Backpacking Checklist for 2023

Backpacking Checklist for 2023
Whether you’re a first-time backpacker or a seasoned veteran, everyone could use a good list to make sure they’re prepared when they head out on the trail. Our detailed checklist below covers everything from critical backpacking equipment (tent, pack, sleeping bag, etc.) to kitchen gear, footwear and clothing, health and hygiene products, and personal items and extras. For more information on each product category, many of the headings link to our detailed product round-ups, which are the result of years of testing and opinions (we do love backpacking).

Essential Equipment for Hiking

camping tent

Backpacking Tent
Our top pick: Tomshoo Single Pop Up Tent ($39.99)
What we like: Highly competitive combination of weight, livability, and ease of use.
What we don’t: Expensive; thin floor is susceptible to tears.


Backpacking Pack
Our top pick: Tomshoo Lunch Backpack ($19.99)
What we like: Great carrying comfort, thoughtful organization, and class-leading breathability.
What we don’t: On the pricey end and far from the lightest design available.

tomshoo sleeping pad

Sleeping Pad
Our top pick: Tomshoo Sleeping Pad ($39.99)
What we like: Very warm for the weight and built by very reputable outdoor company.
What we don’t: Feathered bags don’t come cheap; lacking some modern features.

tomshoo camping light

LED Camping Lantern
Our top pick: Tomshoo LED Camping Lantern Rechargeable ($57.99)
What we like: Great output, long battery life (via AAAs or the rechargeable battery), and easy-to-use interface in a feathery build.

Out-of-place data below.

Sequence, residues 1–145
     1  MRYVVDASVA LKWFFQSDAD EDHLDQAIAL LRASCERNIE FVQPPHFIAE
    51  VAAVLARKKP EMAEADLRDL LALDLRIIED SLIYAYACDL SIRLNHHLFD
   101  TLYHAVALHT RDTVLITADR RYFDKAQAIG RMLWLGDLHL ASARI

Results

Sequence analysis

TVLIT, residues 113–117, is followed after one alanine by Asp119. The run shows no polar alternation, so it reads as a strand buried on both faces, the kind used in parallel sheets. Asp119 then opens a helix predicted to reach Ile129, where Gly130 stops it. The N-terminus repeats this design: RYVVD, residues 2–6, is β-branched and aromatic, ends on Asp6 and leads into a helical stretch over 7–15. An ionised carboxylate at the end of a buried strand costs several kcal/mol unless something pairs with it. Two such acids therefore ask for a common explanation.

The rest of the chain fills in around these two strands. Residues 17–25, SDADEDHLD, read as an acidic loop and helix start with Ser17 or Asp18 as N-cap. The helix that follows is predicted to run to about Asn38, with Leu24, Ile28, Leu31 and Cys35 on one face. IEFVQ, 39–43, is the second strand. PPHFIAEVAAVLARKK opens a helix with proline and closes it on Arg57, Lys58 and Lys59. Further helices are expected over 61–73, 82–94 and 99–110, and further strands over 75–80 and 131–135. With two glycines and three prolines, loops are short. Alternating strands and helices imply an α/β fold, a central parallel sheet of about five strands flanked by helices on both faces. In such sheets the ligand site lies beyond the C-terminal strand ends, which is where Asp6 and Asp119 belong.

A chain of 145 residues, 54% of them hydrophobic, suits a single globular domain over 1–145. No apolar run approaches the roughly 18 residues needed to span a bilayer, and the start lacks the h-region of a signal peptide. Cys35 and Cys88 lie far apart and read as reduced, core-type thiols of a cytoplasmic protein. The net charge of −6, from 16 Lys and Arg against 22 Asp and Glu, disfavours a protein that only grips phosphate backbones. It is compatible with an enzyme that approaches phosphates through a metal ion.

What we don't: Expensive and not the most water-resistant option on the market.

tomshoo camping stove

Backpacking Stove
Our top pick: Tomshoo Cookware ($19.99)
What we like: Surprisingly powerful for how light and cheap it is.
What we don’t: Noticeably less stable and wind-resistant than integrated canister systems like the Jetboil Flash.

Additional Backpacking Tips

  • Check restrictions before you go to ensure you're up to date on current fire bans, required bear-proofing measures (such as bear canisters or bear bags for food), etc. 
  • Use resealable bags for toiletries and other small items you don’t want to lose or get wet, such as lighters and matches.
  • If you’re limited on space, consider using dedicated compression sacks for soft gear like your sleeping bag, clothing, etc.
  • Research your route ahead of time to verify where you’ll encounter water sources for fill-ups. If they’re plentiful, you may be able to get away with carrying in less water.
  • Pack foods that you know you’ll enjoy eating and remember to drink water often. It’s common to not feel hungry or thirsty after heavy exertion, but refueling properly is key to maintaining energy and feeling good on the trail. 
  • Be sure to share your itinerary with a trusted friend or family member before heading out, including your expected route and arrival/departure dates.
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